Which safety design measures to protect people from faster and larger vehicles?

Less famous than the ‘strict liability’ concept, a key approach in the Netherlands in terms of safety measure is called ‘sustainable safety’.

Golden approach

SUSTAINABLE SAFETY. One of the Dutch golden approach is that streets must be designed in a way that road users instantly understand how it works. See how this applies on how the Dutch mix/segregate road users.


Sustainable Safety

Introduced in 1992 to prevent severe injuries, this successful approach is based on five principles:

  • Functionality (of roads)
  • Homogeneity (of mass, speed and direction of road users)
  • Predictability (of road course and road user behaviour by a recognizable road design)
  • Forgivingness (of both the road/street environment and the road users)
  • State awareness (by the road user)

Read more about this approach on the great website of Mark Wagenbuur.

Below, more information about two of these principles.

Homogeneity of mass and speed of road users

Ideally, Dutch street design tries as much as possible to eliminate large differences in speed and mass of different road users because these are dangerous, especially for the most vulnerable.

Two solutions are usually employed:

  1. Road users are forced to have the same speed through the essential use of traffic-calming filters. This is very much employed for town centre streets (shared space) and residential streets (woonerf) to allow for one, visitors to wander between shops and facilities and for the other, kids to play on the street.
  2. Different road users are segregated as much as possible. This solution is very good for through roads where speed has an importance. We get a complete street where pedestrians (2-3 mph), cyclists (9-15 mph) and motorised vehicles (20 mph to more when no traffic) do not bother each other.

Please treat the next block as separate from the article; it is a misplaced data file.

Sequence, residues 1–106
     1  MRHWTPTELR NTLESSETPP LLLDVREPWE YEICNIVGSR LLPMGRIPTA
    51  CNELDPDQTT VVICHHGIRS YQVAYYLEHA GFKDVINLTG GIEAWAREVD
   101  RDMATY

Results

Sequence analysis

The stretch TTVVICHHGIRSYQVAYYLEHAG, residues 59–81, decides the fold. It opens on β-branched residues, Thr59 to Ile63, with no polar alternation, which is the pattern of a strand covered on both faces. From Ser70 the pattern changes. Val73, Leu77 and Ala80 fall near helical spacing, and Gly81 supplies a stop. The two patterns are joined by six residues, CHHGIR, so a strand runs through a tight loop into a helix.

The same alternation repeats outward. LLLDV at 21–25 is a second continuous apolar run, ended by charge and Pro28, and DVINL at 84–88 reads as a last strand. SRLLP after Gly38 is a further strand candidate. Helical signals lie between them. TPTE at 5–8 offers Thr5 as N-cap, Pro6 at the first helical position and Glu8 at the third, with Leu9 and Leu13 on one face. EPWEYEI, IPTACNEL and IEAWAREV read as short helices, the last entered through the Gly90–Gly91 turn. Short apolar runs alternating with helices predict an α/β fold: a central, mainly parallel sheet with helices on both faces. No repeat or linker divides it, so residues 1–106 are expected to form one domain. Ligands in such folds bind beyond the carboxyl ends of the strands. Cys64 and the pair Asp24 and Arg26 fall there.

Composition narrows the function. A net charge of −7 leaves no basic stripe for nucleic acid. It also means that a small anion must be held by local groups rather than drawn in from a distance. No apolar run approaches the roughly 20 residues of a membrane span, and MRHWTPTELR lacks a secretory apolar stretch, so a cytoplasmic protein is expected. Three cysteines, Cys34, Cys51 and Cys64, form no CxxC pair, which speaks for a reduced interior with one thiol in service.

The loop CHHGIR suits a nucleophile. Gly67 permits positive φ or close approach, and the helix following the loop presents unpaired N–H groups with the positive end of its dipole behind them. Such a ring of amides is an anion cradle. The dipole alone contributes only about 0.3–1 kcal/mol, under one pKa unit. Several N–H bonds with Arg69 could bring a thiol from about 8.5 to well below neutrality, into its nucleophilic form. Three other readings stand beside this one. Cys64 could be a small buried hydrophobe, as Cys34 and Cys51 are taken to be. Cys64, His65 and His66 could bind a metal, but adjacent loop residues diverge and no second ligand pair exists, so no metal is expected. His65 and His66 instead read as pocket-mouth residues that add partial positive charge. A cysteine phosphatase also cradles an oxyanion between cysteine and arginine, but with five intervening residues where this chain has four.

Predictability of road course/road user behaviour by recognisable road design

Dutch streets and spaces are made to be instantly understood by road users even without any help of signs. Filters and obstacles, street material and colour, level differences and carriage width are all there to give road users signals on how to behave and keep everyone safe. That way, it is also clear what it is expected from everyone and every road user can predict what the others will do or not.

In the examples described earlier, that means:

  • either everyone will keep going straight in their own protected lane and therefore, it is ok to go fast,
  • or, everyone can potentially and spontaneously zigzag and therefore, it is important to be extra careful.
Is there any sustainable safety design in London?

Probably but most streets are relying on their signs, markings and even crossing patrols to communicate the appropriate behaviour to have to their road users.

This is very naive to think people will remember to follow rules and control themselves at all times. Human beings are unpredictable by nature, especially under stress or if they are new in town, like many can experience in a big busy metropolis like London.  

What can we regularly find in London that would NOT pass the two Dutch Sustainable Safety principles we have just been through?

  • Main roads without bike lanes or paths
  • Bike lanes on pavements or public spaces
  • Shared streets without traffic-calming filters
  • Bus lanes shared with cyclists
  • Pedestrian crossings not combined with traffic-calming filters.

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by Saskia Huizinga


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This very serious and hopefully a little bit funny website represents Saskia's views only.

Thank you to (in alphabetical order) Amy Dickens, Anneloes Groenewolt, Bright Pryde-Saha, Diego Marando, Famke Bakker, George Weeks, Jaap Valkema, Jan van der Horst, Jeroen den Breejen, Kees Mouritz, Maria Zouroudi, Max Huizinga, Nicholas Fripp, Robin Houterman and Stan Wolters.

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